Britain is today waking up to a hung parliament following the 2010 General Election. No one party has been able to secure an outright majority in the House of Commons, meaning there will now be a frantic period of negotiation to decide the shape of the next government. The journey to the election has been a bit of a roller coaster, with political favour seeming to change day to day amongst the electorate. At the start of the year, when rumours of a May election began to surface, everyone assumed the party leaders would be taking a leaf out of Obama’s book and fighting a modern fight via digital media platforms and social networks. I attended – and blogged here about – a talk at the Frontline club about the role social media might play in the run up to the election. The consensus was that in engaging the public on digital platforms, the opportunity for conversation, discussion and opinion gathering would be all the greater and more valuable.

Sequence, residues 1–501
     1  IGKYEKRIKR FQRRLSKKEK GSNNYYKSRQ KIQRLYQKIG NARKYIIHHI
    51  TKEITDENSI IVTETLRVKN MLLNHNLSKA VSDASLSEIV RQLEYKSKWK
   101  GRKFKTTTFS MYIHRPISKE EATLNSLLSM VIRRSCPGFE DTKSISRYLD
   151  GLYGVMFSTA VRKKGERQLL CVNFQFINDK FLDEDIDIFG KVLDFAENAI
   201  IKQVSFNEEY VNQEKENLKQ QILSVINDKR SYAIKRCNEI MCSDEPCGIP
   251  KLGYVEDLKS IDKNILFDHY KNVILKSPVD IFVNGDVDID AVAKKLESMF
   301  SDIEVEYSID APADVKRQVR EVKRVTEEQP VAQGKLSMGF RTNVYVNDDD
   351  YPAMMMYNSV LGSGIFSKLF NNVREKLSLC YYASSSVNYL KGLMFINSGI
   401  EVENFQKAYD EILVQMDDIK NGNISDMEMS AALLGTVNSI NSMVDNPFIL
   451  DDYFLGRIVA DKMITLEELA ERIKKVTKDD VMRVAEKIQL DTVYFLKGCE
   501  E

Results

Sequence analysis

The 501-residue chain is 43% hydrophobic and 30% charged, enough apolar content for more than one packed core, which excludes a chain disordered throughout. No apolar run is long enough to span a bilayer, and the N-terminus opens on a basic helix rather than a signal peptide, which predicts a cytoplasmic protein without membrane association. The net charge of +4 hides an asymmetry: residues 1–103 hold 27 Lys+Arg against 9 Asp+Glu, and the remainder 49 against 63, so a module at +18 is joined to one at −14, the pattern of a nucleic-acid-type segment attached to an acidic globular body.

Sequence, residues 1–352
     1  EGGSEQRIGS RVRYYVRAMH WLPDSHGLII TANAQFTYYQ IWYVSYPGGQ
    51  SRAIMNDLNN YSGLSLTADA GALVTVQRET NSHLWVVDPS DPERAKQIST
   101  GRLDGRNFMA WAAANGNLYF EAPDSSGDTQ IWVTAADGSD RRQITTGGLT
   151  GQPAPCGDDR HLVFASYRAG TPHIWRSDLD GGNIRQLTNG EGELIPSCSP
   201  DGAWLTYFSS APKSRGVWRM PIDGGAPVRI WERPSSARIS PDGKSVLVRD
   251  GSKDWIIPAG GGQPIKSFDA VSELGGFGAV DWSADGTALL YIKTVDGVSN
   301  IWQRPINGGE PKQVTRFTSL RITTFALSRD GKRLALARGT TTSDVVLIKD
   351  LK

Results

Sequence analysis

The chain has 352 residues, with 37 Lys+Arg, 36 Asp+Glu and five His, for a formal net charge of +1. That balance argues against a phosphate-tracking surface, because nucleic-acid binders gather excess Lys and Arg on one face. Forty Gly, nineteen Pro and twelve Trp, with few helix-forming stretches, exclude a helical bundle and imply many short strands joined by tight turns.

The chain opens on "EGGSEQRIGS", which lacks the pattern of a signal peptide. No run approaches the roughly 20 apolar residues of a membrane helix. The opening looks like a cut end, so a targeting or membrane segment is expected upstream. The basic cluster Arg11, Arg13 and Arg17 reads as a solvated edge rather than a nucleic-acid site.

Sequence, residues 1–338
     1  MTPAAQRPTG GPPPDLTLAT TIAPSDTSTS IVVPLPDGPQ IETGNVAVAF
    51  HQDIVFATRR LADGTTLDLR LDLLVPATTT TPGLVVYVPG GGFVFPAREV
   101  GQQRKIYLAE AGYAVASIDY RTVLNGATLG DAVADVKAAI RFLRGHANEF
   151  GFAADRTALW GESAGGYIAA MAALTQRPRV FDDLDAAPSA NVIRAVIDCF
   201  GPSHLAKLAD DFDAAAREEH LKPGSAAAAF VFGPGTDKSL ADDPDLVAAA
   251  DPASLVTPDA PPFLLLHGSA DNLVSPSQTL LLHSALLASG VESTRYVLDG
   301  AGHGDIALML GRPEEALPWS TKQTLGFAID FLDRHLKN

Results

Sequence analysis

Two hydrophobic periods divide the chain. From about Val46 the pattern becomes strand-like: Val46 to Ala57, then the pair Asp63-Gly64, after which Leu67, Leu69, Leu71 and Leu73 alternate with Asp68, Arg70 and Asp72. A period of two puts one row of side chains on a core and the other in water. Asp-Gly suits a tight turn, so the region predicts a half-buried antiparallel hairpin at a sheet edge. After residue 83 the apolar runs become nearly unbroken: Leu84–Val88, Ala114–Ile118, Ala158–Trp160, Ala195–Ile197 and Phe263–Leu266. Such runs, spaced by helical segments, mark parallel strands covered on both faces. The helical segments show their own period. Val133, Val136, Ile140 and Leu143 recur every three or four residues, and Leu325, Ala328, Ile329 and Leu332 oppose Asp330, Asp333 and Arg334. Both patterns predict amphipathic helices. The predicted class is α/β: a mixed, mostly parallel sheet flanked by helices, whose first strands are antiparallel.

As it happened, it was the X-factor style televised debates that had the most effect. The British public are, it transpired, more hardwired these days to make decisions based good old fashioned dance offs. They are hungry for personality, style and flair. They want drama, intrigue, controversy and an underdog. And what with the wives, the ties, Bigot-gate, and Cleggmania, the party leaders delivered on all fronts. The huge voter turn out last night, accompanied by the typically English brawling as the 10 o’clock deadline loomed, proved that the public wanted their vote to count. And, with a tough few days ahead for those in Parliament commence, the voting public wait eagerly to see whose mandate really has the X-factor!